Some elfin mansion sparkled through the shade; And let its splendour, like the morning ray

And, while the foliage interposing play'd, ['pon a shepherd's harp, illume my lay!

Wreathing the structure into various grace,

Fancy would love in many a form to trace Yet, Lady! no-for song so rude as mine,

The tlowery capital, the shaft, the porch, Chase not the wonders of your dream divine ;

And dream of temples, till her kindling torch Still, radiant eye! upon the tablet dwell;

Lighted me back to all the glorious days Still rosy finger! weave your pictured spell;

Of Attic genius; and I seem'd to gaze And, while I sing the animated smiles

On marble, from the rich Pentelic mount, Of fairy nature in these sun-born isles,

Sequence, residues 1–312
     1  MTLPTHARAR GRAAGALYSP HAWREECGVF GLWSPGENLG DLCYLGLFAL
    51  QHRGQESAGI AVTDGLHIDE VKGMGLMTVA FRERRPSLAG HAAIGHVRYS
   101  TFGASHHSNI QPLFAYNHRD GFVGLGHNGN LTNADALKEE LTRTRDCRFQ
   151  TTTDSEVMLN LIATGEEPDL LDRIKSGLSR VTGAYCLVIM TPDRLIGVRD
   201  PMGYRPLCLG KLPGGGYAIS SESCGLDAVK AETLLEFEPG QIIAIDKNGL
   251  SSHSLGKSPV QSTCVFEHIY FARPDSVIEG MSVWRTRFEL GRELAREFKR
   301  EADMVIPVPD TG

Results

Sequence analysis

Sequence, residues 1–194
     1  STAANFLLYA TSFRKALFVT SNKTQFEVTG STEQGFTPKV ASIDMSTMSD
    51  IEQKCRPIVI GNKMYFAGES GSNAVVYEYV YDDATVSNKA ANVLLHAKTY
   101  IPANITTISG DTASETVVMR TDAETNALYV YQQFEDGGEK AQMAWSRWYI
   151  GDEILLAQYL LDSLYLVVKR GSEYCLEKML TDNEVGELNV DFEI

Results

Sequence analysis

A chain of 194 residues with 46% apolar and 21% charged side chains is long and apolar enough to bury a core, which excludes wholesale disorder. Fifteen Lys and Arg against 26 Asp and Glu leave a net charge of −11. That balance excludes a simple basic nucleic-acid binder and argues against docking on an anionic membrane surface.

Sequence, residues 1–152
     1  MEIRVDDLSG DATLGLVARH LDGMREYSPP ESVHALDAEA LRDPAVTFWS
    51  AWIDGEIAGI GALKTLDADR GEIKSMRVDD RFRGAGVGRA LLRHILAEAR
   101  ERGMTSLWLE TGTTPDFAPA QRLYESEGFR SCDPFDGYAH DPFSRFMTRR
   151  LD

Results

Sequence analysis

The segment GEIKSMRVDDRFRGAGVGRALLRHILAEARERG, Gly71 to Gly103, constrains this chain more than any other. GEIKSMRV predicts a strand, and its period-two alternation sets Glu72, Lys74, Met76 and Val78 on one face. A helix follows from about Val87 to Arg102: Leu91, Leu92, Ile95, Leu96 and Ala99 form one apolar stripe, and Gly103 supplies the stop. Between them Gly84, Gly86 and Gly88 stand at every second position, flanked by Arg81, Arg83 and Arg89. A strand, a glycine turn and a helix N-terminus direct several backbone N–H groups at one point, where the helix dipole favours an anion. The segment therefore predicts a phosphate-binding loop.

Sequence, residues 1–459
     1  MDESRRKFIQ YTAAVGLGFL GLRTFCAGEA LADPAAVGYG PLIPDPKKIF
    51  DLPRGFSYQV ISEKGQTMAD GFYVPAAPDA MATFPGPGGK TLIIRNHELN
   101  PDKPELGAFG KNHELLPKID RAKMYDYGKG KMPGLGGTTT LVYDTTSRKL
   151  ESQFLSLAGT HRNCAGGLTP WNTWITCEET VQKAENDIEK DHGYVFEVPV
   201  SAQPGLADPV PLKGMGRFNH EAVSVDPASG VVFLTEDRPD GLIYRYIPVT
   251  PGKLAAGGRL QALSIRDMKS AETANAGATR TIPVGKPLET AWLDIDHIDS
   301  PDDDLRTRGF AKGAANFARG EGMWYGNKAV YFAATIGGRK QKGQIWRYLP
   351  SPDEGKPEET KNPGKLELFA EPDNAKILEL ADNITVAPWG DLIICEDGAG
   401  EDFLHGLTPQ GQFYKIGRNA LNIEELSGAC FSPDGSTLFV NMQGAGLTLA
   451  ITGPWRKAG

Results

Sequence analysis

Gracing the umbrage of some Naiad's fount. Oh! might the song awake some bright design,

Sweet airy being!) who, in brighter hours, Inspire a touch, or prompt one happy line,

Lived on the perfume of these honey'd bowers, Proud were my soul to see its humble thought

In velvet buds, at evening loved to lie, On painting's mirror so divinely caught,

And win with music every rose's sigh! And wondering Genius, as he lean'd to trace

Though weak the magic of my humble strain The faint conception kindling into grace,

To charm your spirit from its orb again, Might love my numbers for the spark they threw,

Yet, oh! for her, beneath whose smile I sing, Aud bless the lay that lent a charm to you!

For her (whose pencil, if your rainbow wing